This is a great little vase, hand thrown and copper-wheel engraved at Strömbergshyttan in Sweden, in the late 60s or early 70s. It depicts a longship, an iconic image of the Nordic countries. Originally invented and used by the Norsemen (commonly known as the Vikings) for commerce, exploration, and warfare during the Viking Age, the longship appeared in its complete form between the 9th and 13th centuries, and it influenced the shipbuilding of other cultures for centuries.
The story of Strömbergshyttan begins in 1876, when a glassworks called Lindfors ("winding falls") opened about 50 km west of Orrefors. In 1933, Edward Strömberg, who was a former head at Orrefors, and his wife Gerda, who was a designer at Eda, leased the company and changed the name to Strömbergshyttan ("Strömberg's hut"). Edward and his son Eric devised a way to produce a glass that had a bluish-silver hue, which became characteristic for Strömbergshyttan. Eric Strömberg and his wife, Asta, bought the company in 1945, and they invested heavily to modernize it. The Strömberg family further upgraded the mill in 1960. For most of the 40+ years that the family controlled the glass mill, Gerda and Asta Strömberg designed the glass. A fire in 1973 left the glassworks in financial difficulties, and it was sold to Orrefors in 1976. Orrefors closed the Strömbergshyttan glassworks just three years later. (Adapted from Nils Bergqvist)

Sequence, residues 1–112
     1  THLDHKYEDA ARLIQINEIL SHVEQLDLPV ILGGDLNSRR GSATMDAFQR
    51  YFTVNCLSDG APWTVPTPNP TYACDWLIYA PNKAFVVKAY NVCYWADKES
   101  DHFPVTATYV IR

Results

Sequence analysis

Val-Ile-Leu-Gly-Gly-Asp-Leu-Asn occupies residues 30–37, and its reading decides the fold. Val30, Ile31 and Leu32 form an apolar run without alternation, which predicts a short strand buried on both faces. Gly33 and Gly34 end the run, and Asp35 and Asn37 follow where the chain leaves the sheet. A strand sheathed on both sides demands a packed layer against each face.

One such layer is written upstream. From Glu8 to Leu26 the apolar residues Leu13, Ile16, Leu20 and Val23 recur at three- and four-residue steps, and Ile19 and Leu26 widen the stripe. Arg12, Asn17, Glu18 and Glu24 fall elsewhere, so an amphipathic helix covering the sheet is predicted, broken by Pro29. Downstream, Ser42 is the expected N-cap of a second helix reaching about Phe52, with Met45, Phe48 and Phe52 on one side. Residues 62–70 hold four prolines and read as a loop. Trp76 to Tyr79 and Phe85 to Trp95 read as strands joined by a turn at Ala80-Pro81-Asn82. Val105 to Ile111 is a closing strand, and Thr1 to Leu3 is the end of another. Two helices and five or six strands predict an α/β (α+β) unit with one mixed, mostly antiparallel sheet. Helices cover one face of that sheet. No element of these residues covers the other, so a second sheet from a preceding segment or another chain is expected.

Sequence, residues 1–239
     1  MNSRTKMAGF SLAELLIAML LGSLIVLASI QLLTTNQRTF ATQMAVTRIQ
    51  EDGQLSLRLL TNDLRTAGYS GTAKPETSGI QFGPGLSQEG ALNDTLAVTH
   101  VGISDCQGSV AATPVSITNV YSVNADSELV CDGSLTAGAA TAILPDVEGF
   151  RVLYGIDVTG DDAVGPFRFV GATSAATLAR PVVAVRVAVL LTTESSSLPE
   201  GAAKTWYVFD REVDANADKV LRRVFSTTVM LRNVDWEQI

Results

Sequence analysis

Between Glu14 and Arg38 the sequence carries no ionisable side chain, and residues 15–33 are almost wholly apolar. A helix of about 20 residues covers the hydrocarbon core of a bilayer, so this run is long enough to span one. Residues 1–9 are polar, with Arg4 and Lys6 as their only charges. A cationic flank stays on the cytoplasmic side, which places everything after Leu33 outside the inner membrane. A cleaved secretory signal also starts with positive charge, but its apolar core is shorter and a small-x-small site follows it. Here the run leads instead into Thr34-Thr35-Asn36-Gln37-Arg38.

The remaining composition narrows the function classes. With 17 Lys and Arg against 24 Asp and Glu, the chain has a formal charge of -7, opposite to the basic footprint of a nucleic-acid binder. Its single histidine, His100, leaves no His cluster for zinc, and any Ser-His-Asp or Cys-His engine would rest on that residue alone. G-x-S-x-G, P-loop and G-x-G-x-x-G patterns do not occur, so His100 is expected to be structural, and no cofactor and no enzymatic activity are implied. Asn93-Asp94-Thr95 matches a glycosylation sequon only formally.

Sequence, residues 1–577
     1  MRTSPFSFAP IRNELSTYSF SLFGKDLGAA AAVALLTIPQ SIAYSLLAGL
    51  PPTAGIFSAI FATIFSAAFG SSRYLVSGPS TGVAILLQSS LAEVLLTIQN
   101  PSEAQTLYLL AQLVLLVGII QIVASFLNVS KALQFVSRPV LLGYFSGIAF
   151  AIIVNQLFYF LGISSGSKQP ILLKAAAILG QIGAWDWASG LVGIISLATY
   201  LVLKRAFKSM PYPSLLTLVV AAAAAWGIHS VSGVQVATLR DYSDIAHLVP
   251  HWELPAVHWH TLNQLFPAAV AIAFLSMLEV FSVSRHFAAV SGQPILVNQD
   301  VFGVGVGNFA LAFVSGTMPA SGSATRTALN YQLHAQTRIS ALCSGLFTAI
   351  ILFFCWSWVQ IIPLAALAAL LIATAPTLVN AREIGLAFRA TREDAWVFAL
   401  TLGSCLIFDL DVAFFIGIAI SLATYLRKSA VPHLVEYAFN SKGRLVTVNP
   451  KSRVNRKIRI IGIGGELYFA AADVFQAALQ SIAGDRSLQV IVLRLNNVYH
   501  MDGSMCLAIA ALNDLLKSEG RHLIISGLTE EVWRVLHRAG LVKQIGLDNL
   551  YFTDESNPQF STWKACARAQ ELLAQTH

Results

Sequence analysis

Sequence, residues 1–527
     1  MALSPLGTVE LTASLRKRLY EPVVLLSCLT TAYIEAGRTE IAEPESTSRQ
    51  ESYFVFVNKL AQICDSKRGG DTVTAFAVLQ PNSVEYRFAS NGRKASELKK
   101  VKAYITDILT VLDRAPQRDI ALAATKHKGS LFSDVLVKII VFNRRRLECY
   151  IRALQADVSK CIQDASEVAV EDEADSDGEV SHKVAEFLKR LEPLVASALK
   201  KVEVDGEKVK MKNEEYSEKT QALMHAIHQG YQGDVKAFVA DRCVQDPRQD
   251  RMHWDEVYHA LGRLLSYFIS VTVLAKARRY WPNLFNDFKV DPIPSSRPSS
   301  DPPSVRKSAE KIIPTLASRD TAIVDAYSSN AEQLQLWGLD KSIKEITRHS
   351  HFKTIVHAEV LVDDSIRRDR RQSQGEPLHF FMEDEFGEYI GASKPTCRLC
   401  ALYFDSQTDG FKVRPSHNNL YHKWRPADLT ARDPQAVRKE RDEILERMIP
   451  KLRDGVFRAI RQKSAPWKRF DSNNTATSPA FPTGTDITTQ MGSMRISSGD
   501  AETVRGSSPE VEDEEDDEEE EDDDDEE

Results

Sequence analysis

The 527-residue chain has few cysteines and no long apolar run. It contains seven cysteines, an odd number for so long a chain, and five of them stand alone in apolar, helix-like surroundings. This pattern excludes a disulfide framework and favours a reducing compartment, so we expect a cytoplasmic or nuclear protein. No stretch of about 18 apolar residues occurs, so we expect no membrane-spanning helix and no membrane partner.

The vase is 4.5" high, 4" wide, and 3.5" deep, and it is in very good condition, clear and sparkling, with only a few light scratches as expected for its age.
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